Ben Fhadah is somewhat shorter than Ben More at about 2300ft and from it you can see North towards the other Herbridean islands but the view to the South is blocked by the bulk of A'Chioch and Ben More. From Ben Fhadah the distant island of Skye was clearly visible some 100 miles to the North.
From there we descended down a scree slope into the saddle between Ben Fhadah and A'Chioch before ascending that mountain. On the saddle we were joined by a number of serious walkers obviously out 'munro bagging' who had come up the Ben Faddah glen to summit Ben More. 'Munro bagging' is a rather extreme form of hill walking popular in Scotland. A Munro is a mountain over 3000 feet high which is easily accessible on foot, there are more than 270 of these in Scotland. Some poor fools feel compelled to climb all of these mountains with varying degrees of lunacy. If you are particularly addicted to pain there are records to be broken here : the most Munro's climbed in a day 28; the shortest time to climb all Munro's 51 days; the youngest ascendant, 7 years old. I was content with one modest one.
The view from A'Chioch was even better than that of Ben Fadhah since there was nothing blocking the view to the South. The air was exceptionally clear and now you could see not only Skye to the north but also the islands to the south, and a snow capped mountain in the far distance that my walking partner claimed was Ben Nevis.
From A'Chioch we descended again, this time West onto the ridge between A'Chioch and Ben More. The ridge between the two is a strenuous, uphill clamber with a fairly sheer face of scree on the right and an equally plunging face on the left. The wind now was more insistent and the first whisps of cloud were beginning to whip over the top of Ben More ahead of us.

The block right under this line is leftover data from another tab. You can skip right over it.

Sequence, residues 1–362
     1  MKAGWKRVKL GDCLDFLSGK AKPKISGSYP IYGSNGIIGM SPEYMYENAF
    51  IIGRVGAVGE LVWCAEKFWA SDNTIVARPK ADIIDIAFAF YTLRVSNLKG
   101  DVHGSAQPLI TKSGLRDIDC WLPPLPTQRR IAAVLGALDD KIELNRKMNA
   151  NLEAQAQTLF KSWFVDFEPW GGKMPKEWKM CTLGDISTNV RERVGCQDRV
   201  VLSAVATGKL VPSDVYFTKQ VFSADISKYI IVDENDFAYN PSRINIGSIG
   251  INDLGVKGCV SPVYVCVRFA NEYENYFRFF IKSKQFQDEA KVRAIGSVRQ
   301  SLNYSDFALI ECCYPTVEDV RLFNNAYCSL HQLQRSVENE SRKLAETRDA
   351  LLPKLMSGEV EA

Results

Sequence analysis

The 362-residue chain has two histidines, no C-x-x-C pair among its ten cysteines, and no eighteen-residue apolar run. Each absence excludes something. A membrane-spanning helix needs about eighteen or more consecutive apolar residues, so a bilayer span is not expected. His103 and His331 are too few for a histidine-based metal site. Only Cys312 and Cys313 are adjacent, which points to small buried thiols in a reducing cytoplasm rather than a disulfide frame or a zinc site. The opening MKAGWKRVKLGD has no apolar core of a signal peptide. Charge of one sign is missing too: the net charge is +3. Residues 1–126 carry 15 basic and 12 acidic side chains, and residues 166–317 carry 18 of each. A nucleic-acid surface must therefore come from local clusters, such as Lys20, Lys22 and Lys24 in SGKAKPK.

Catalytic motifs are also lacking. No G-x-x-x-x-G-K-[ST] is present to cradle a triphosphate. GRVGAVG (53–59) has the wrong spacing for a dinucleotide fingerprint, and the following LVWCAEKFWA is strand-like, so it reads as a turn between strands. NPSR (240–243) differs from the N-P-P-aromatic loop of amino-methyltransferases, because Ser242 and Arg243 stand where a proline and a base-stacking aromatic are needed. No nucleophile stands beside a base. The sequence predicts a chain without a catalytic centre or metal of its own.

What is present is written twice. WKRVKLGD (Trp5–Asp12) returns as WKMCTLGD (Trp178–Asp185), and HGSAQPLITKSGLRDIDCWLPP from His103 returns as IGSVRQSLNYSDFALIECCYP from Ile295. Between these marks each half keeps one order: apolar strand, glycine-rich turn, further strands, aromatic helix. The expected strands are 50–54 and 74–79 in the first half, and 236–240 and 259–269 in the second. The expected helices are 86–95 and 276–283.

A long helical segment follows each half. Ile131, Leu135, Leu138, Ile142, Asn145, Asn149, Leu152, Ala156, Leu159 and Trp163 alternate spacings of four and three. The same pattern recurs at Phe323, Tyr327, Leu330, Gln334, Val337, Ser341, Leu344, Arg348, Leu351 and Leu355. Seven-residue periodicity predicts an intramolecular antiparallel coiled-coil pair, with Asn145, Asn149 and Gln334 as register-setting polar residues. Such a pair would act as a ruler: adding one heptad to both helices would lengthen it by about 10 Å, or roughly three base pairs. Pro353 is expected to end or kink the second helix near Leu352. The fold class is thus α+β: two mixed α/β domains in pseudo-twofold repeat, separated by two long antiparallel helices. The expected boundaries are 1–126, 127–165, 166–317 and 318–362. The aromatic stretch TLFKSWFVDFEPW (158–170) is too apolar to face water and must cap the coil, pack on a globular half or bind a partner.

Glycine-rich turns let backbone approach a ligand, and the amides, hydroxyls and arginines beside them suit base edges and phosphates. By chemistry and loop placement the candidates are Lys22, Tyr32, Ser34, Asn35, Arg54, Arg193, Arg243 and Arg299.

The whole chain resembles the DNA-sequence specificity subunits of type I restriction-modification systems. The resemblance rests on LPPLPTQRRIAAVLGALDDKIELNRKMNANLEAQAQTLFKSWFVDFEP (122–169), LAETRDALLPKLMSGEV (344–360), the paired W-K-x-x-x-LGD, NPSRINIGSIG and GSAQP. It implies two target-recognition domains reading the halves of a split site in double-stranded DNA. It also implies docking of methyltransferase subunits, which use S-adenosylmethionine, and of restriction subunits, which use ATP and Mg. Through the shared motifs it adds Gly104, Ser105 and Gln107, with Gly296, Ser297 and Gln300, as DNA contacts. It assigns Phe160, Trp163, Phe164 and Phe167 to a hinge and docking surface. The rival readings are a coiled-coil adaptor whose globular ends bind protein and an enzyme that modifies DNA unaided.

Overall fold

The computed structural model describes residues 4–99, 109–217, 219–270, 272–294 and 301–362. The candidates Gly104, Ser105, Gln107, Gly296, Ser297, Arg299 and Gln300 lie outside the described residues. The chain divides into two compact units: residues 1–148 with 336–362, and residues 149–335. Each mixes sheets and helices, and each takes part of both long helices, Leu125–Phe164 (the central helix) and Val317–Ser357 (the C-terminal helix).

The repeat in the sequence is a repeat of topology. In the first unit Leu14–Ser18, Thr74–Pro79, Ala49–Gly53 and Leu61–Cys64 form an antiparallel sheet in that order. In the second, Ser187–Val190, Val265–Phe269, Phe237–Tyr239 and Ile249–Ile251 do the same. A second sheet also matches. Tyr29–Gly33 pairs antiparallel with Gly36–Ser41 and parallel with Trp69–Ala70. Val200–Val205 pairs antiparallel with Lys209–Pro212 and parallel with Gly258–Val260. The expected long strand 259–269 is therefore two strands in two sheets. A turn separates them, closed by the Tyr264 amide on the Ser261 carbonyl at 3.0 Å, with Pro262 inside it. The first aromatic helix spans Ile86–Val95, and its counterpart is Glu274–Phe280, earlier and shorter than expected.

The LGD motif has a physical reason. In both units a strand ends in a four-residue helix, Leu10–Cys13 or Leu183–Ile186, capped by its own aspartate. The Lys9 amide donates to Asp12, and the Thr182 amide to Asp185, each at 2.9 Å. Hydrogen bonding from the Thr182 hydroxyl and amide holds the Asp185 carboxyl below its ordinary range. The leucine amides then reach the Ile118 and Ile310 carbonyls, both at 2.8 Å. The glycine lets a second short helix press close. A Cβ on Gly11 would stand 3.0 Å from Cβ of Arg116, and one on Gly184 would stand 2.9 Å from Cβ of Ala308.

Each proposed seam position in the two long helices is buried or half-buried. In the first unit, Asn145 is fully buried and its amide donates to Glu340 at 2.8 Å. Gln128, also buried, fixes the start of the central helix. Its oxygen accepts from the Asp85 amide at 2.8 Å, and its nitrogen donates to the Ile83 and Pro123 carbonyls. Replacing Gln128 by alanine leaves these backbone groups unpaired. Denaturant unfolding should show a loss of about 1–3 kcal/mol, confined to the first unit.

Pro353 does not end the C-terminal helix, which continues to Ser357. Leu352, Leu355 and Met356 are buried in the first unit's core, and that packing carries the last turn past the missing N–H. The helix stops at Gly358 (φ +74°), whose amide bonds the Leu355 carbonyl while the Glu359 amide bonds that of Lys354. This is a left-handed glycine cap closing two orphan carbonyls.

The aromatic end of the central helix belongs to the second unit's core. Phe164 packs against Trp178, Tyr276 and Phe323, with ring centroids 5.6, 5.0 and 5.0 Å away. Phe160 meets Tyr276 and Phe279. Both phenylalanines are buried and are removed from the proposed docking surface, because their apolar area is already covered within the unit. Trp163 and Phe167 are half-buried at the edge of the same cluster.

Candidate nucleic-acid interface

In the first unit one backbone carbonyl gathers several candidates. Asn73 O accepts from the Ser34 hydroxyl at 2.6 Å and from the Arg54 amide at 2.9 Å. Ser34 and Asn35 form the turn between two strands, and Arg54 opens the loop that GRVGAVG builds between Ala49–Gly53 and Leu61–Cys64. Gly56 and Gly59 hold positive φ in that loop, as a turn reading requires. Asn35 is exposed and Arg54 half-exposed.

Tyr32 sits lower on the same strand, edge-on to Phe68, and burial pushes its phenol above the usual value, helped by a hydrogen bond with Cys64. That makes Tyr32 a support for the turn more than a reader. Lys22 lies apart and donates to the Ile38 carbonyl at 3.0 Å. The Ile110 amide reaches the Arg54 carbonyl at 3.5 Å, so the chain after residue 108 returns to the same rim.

We paused just shy of the top for a snack and waited for fifteen minutes hoping for the clouds to clear. They showed no such inclination and we ascended the last thirty feet into the clouds and onto the top of Ben More.
After a brief but chilly self congratulatory session we started to head down the South flank of the Ben back to our waiting car. Luckily my partner realised that he did not recognise any of the landscape we were traversing and we stopped to check the map. With the aid of a compass we discovered we had been about to descend the North ridge of the mountain. In the mist we had made a classic mistake and had managed to turn around 180 degrees and would have cheerfully descended several hundred feet in the wrong direction before discovering our error.
The descent was a long downhill slug was on scree and grass and we were extremely weary by the time we crawled our way up the road and into the car.
The next morning we did a gentle circuit of the island in the car. One highlight of which was a visit to Governor Macquarie's mausoleum which is maintained on Mull by the Scottish Trust for the Australian Heritage Trust. This is doubly strange because not only is it a hell of a long way from Australia but it is also not where Macquarie was born, lived or died.
Further on we included a visit to the renowned and picturesque village of Tobermorry for lunch in one of the brightly coloured houses. A walk around the forest path which skirts the Tobermorry harbour was undertaken to settle lunch. Afterwards, while procuring ice creams in a local shop we discovered, in one of those bizarre travelling coincidences, a postcard of the Endeavour replica anchored in Tobermorry bay. It apparently toured Britain after its re-creation of Cook's voyage and visited Tobermorry in its tour.
This about concluded my visit to Mull and it was time to return Craignure where they squeezed my car aboard the ferry and headed back to the mainland. The drive back to Glasgow was a little slower due to traffic and I booked into a hotel in the airport so that I could return the car and board my flight home this morning.
I arrived back in London at about 7.30am just in time for my Monday morning meetings. A bit better than the average weekend away.